Do Walls Work? EU Study Suggests... Yes

About three dozen refugees from Syria were arrested by the police on August 19, 2015 near Roszke villiage, South Hungary, near the border with Serbia. (CTK via AP Images)

Frontex, the European Border and Coast Guard Agency, has published their annual Risk Analysis for 2017 and they report drastic declines in illegal immigration in countries that constructed a wall to keep migrants out.



Hungary, which led the charge on strong borders, was able to cut illegal crossings from Serbia to 25,000 – a massive drop from the 2015 high of 200,000.

Neighbouring Croatia condemned Hungary’s robust stance at the time, with then Prime Minister Zoran Milanović promising his country would not follow suit.

“We are ready to accept and direct those people,” he said, adding that “barbed wire in Europe in the 21st century is not an answer, it’s a threat”.

Just days later, however, Milanović completely reversed his stance, the country having been inundated with thousands of migrants.

“We cannot register and accommodate these people any longer,” he said. “They will get food, water and medical help, and then they can move on. The European Union must know that Croatia will not become a migrant ‘hotspot’. We have hearts, but we also have heads.”

Croatia quietly joined Hungary in constructing what Frontex describes as “a technical obstacle” along its Serbian border. As a consequence, illegal migration via this route plummetted from 500,000 in 2015 to just 100,000 in 2016.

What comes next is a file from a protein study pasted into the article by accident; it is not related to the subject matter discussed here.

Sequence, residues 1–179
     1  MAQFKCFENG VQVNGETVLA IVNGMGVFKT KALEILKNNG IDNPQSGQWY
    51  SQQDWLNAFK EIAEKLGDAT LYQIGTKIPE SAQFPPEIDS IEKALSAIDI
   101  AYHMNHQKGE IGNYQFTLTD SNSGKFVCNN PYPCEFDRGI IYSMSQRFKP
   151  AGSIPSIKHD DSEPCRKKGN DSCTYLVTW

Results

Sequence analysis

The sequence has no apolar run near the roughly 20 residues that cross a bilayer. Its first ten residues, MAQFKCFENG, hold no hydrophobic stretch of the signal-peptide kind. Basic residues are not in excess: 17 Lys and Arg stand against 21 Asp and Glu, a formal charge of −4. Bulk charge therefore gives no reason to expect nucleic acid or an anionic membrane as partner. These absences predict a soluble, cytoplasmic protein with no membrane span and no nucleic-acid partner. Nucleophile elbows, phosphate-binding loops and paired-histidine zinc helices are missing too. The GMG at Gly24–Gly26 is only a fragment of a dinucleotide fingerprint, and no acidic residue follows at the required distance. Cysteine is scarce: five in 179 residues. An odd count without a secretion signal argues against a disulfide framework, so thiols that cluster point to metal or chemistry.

The clear pattern which emerges from the risk analysis is that, as one country institutes strong border controls, neighbouring countries which remain lax see a corresponding increase in illegal migration.

For example, the report describes how “African illegal stayers who primarily entered the EU through the Central Mediterranean route significantly decreased in Austria” after the German-speaking country “upgraded the controls of its national border with Italy”. The statistics show illegal stayers growing in Switzerland, which is outside the EU but inside the bloc’s borderless Schengen zone, “at the same time”.

Despite clear statistical evidence of the effectiveness of walls in tackling illegal migration, Europe’s leading politicians remain wedded to open borders.


Those are certainly impressive numbers, and even opponents of Donald Trump’s wall in the U.S. concede that the number of illegal aliens entering the U.S. from the south will be cut if the wall is built.

But Trump’s proposed wall is 16 times longer than Hungary’s wall that separates it from Serbia. At nearly 2,000 miles long, the U.S. wall will cost anywhere from $12 billion to $21 billion depending on who is making the estimate. That’s a lot of territory to cover. While Trump is proposing a healthy 5,000 increase in Border Patrol agents, it probably won’t take long for the traffickers to find the vulnerabilities in the structure and exploit them.

So, in the end, it’s not so much a question of whether the number of illegal aliens entering the U.S. will drop. It’s a matter of deciding whether that drop is worth the astronomical price tag.

For that, we’ll just have to wait and see.



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